Nintendo appears to be focusing on changing the way people play games together.
Never count Nintendo out.
The more than 120-year-old Japanese company always seems to manage to surprise and delight both fans and naysayers.
In 2006, the company managed to extricate itself from last place in the video game arms race with the release of the Wii. The best-selling console bucked common wisdom that held that video game machines evolved like computers, primarily through improved graphics and processing power.
Instead, Nintendo focused on changing the way people played games, making it more natural for anyone to pick up a controller and play.
The coming generation of game consoles is shaping up to be one dedicated to blurring the lines between video games and the rest of entertainment. Consoles already allow you to view movies, watch TV, browse the internet and communicate with friends. And it looks like that trend is going to continue ... except maybe not as much with Nintendo's upcoming Wii U console.
While Microsoft and Sony continue to expand the console's utility as a set-top box, Nintendo appears to be focusing on changing the way people play games together.
The Wii U, due out this holiday season, will feature high-definition graphics and the ability to interface with friends online through a "Miiverse" network. It will also support the same motion controllers found in the Wii. The biggest change for the console is the inclusion of the GamePad, a touch-sensitive, tablet-like controller framed with a myriad of buttons, cameras and switches.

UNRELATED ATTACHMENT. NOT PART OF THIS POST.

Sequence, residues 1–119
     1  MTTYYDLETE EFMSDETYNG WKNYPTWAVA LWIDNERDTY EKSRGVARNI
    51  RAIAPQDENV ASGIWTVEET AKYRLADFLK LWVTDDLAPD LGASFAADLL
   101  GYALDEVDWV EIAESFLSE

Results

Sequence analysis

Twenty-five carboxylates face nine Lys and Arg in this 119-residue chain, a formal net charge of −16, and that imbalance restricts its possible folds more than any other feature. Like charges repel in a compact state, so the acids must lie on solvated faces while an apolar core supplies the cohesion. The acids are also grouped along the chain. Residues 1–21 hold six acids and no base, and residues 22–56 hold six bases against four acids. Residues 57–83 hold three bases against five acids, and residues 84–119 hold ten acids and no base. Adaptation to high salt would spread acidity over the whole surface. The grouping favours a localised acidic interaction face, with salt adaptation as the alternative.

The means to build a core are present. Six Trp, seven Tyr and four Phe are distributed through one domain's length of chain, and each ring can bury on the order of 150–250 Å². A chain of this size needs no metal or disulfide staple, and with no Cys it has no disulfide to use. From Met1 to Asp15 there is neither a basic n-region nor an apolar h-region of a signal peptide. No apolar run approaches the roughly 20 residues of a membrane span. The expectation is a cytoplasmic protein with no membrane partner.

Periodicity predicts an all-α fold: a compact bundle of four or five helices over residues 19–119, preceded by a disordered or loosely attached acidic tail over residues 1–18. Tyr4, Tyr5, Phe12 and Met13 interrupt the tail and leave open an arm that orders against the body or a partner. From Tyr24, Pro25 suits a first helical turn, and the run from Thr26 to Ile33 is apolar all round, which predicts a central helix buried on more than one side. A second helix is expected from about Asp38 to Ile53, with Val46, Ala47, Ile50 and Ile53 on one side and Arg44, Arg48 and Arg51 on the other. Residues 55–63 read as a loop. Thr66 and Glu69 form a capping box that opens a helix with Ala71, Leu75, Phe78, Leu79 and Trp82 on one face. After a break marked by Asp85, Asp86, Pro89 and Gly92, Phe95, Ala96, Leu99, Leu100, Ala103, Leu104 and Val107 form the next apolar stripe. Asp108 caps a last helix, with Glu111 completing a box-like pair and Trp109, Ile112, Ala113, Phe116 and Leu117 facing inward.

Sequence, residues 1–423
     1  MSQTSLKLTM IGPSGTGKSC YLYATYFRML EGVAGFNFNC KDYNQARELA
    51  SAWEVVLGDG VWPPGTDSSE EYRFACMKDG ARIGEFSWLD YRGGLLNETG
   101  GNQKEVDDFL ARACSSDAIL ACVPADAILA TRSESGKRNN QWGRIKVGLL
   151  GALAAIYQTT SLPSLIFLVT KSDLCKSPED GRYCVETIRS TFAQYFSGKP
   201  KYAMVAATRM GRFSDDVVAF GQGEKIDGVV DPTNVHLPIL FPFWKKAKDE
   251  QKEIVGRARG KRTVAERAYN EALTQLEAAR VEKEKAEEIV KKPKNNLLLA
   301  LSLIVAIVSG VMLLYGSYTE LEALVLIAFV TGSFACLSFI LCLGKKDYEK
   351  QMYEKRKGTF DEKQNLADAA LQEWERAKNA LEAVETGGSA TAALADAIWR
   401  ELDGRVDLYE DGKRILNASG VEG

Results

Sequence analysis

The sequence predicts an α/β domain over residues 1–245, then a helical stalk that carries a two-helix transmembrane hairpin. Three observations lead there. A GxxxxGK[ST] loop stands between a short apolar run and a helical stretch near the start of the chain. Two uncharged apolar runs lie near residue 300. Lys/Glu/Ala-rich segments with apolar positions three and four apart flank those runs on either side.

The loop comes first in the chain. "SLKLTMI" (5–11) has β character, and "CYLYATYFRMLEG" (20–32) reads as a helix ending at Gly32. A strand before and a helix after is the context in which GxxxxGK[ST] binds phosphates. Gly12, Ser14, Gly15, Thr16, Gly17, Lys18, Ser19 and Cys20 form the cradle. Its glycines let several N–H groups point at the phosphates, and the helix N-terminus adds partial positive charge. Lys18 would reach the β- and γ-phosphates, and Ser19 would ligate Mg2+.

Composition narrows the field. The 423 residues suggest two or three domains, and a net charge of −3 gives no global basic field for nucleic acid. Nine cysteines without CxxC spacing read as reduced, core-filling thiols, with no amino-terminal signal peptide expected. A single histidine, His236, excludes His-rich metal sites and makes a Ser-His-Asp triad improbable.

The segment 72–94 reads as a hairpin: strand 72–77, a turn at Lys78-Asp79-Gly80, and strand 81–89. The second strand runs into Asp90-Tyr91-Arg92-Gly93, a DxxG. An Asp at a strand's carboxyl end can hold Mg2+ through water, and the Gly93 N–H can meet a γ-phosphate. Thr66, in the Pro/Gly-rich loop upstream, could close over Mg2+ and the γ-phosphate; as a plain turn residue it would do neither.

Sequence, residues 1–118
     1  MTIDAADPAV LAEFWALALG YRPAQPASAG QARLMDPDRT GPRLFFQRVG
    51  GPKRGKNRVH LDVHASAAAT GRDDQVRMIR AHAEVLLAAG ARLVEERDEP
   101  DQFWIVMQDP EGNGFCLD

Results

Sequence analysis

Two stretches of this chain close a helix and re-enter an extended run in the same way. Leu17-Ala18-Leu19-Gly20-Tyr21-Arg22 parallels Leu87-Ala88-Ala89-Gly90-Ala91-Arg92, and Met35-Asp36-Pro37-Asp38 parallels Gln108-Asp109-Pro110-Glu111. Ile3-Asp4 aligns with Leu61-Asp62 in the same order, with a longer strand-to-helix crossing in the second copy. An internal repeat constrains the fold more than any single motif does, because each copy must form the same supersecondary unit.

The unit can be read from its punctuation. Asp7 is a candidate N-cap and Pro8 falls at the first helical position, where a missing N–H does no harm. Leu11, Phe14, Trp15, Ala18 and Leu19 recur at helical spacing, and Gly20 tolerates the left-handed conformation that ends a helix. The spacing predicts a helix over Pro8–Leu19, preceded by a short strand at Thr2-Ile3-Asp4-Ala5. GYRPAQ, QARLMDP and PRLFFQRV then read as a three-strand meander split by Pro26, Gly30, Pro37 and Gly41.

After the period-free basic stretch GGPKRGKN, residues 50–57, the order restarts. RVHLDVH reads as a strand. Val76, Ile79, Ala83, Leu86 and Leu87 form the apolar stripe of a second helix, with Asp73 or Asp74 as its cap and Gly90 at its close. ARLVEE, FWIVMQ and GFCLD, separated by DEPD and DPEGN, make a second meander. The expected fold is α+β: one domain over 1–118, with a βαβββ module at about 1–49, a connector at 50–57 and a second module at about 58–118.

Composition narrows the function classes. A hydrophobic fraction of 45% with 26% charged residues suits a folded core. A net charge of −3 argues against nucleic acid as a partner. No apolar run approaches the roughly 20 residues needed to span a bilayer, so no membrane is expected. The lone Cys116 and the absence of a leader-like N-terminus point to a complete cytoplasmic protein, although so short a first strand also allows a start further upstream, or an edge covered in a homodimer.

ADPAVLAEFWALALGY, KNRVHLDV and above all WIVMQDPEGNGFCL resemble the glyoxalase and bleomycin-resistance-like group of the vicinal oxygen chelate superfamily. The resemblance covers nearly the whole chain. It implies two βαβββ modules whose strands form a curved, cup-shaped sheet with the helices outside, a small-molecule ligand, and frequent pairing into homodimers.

It's the GamePad's second screen that Nintendo hopes will help redefine multiplayer gaming.
That GamePad doesn't just offer one player the ability to view the world through a second screen, or to continue gaming even when the television is off; it also offers game makers a chance to completely reexamine how everyone else in a room might interact with a game.
At a recent event in New York, I had a chance to check out a collection of games using the Wii U GamePad. Many of the titles present were traditional video games with a second screen twist; however, a few at the event hinted at the paradigm-shifting potential of the device.
Most subtly, perhaps, was Donkey Kong's Crash Course, one of the mini-games found in upcoming title Nintendo Land. In the game, the player uses the GamePad to navigate through a massive obstacle course, depicted on the second screen. But the audience sees a much larger view of the course on the television and can shout out advice and warnings to the player to try and help.